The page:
K. Horsburgh, A. E. Hill, James Brown
May 1, 2000
Progress in Oceanography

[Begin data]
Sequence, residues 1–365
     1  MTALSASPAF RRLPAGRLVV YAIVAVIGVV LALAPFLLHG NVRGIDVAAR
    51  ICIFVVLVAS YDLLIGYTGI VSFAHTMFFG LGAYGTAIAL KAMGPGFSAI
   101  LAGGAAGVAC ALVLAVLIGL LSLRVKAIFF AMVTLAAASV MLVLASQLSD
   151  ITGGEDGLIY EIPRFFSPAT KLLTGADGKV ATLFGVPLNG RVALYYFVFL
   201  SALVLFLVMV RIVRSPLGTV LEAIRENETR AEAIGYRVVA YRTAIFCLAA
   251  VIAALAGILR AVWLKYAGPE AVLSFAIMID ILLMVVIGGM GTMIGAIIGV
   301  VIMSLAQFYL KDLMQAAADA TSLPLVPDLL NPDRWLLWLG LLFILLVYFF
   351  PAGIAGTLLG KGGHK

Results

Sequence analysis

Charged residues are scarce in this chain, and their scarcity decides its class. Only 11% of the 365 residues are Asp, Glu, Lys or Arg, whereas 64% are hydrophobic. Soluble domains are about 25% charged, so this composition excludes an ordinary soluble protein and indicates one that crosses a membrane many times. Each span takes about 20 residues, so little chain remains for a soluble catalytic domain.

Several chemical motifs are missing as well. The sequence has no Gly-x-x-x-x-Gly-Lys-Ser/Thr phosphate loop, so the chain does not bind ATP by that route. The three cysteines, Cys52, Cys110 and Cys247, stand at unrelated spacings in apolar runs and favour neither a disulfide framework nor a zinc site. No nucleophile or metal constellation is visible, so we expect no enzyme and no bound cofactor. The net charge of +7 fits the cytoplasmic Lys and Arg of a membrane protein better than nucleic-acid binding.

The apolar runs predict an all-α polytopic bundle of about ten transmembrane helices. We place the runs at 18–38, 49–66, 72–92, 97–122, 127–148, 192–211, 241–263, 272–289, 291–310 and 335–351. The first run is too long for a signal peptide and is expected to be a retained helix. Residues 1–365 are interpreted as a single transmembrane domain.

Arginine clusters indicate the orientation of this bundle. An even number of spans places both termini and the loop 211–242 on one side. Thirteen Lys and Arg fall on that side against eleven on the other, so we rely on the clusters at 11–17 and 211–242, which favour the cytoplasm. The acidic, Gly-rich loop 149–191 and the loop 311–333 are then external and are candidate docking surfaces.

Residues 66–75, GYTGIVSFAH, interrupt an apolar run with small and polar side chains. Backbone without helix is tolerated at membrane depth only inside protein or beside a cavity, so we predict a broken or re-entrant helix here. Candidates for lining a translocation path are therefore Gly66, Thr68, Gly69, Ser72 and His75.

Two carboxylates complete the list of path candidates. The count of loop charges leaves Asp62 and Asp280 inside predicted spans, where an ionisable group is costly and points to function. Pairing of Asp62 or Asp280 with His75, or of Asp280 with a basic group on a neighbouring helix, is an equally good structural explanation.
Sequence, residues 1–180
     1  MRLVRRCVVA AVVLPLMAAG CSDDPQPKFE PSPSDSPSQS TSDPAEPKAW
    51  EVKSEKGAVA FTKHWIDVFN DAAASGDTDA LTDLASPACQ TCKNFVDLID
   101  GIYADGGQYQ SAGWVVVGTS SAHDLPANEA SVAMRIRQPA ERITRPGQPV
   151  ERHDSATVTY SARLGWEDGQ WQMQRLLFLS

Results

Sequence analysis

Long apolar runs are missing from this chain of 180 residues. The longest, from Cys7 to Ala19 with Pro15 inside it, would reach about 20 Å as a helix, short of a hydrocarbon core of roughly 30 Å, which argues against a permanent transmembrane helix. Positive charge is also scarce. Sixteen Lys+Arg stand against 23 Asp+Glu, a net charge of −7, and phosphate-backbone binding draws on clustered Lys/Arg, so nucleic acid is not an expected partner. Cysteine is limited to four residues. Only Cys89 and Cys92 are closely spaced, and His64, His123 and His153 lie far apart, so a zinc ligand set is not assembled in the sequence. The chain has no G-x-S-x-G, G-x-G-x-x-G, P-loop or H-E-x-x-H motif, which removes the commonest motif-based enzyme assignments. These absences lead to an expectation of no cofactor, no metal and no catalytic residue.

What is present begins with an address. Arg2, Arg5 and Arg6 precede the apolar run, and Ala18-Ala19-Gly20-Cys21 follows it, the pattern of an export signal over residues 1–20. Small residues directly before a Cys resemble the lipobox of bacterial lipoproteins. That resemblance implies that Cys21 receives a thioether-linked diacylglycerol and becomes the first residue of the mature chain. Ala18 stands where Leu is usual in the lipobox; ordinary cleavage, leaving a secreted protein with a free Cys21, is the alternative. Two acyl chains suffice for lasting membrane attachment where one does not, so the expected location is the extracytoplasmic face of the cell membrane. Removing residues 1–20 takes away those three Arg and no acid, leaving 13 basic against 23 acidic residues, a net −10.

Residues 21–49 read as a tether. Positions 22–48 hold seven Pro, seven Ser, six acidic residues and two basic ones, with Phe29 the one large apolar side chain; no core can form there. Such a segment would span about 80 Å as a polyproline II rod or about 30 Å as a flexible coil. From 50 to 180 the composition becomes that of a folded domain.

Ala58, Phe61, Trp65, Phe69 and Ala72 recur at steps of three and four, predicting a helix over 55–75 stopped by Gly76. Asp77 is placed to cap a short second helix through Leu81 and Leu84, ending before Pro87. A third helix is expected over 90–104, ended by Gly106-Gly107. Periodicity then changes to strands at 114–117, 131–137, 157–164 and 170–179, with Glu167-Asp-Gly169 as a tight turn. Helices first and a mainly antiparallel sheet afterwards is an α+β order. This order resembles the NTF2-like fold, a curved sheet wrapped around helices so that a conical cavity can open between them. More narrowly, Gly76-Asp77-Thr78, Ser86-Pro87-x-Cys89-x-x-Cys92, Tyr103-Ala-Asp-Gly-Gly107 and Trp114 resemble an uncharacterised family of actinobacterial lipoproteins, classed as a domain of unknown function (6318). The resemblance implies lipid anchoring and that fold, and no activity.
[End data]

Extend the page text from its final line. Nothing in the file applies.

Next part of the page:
An extensive cruise program during 1994, 1995 and 1996 provided observations that describe the seasonal evolution of the three-dimensional density field in the western Irish Sea. A cold, dense pool flanked by strong nearbed density gradients was present from May until October. In spring, salinity had a dominant influence on the density structure but from June until October temperature controlled the density stratification. The trajectories of 55 satellite-tracked Argos drifters demonstrated the existence of the cyclonic circulation pattern that constitutes the western Irish Sea gyre and defined the gyre's spatial extent. Several distinct recirculation paths were observed and the implications for planktonic organisms of the seasonal variability in the recirculation are discussed. Drifter speeds were in good agreement with geostrophic calculations based on the observed density field and with de-tided acoustic Doppler current profiler (ADCP) measurements. The dynamical significance of strong nearbed gradients (bottom fronts) is highlighted. The location of the dynamically significant baroclinicity below the level of wind mixing explains the persistence of the cold pool and cyclonic circulation until late October. The dataset described here is valuable for environmental management purposes and it facilitates testing of the prognostic capabilities of the present generation of density-advecting numerical models.